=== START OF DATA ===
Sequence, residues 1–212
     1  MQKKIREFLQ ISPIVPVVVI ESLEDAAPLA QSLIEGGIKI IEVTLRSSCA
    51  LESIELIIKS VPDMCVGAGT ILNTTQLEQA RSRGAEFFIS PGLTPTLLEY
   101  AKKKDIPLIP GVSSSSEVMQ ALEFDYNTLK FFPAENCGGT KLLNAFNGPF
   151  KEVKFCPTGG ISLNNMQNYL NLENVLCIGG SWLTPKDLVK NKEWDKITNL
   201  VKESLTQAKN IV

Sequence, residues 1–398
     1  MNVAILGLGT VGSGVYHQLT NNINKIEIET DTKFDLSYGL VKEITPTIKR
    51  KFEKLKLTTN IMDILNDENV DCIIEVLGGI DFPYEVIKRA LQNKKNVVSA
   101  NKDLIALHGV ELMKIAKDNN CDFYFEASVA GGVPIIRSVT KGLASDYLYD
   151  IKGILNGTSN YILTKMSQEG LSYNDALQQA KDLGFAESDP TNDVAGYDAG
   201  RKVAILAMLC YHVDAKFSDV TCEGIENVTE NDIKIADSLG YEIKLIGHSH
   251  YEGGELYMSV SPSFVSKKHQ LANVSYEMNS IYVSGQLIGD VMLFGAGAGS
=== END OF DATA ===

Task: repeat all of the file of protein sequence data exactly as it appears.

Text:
Sequence, residues 1–212
     1  MQKKIREFLQ ISPIVPVVVI ESLEDAAPLA QSLIEGGIKI IEVTLRSSCA
    51  LESIELIIKS VPDMCVGAGT ILNTTQLEQA RSRGAEFFIS PGLTPTLLEY
   101  AKKKDIPLIP GVSSSSEVMQ ALEFDYNTLK FFPAENCGGT KLLNAFNGPF
   151  KEVKFCPTGG ISLNNMQNYL NLENVLCIGG SWLTPKDLVK NKEWDKITNL
   201  VKESLTQAKN IV

Sequence, residues 1–398
     1  MNVAILGLGT VGSGVYHQLT NNINKIEIET DTKFDLSYGL VKEITPTIKR
    51  KFEKLKLTTN IMDILNDENV DCIIEVLGGI DFPYEVIKRA LQNKKNVVSA
   101  NKDLIALHGV ELMKIAKDNN CDFYFEASVA GGVPIIRSVT KGLASDYLYD
   151  IKGILNGTSN YILTKMSQEG LSYNDALQQA KDLGFAESDP TNDVAGYDAG
   201  RKVAILAMLC YHVDAKFSDV TCEGIENVTE NDIKIADSLG YEIKLIGHSH
   251  YEGGELYMSV SPSFVSKKHQ LANVSYEMNS IYVSGQLIGD VMLFGAGAGS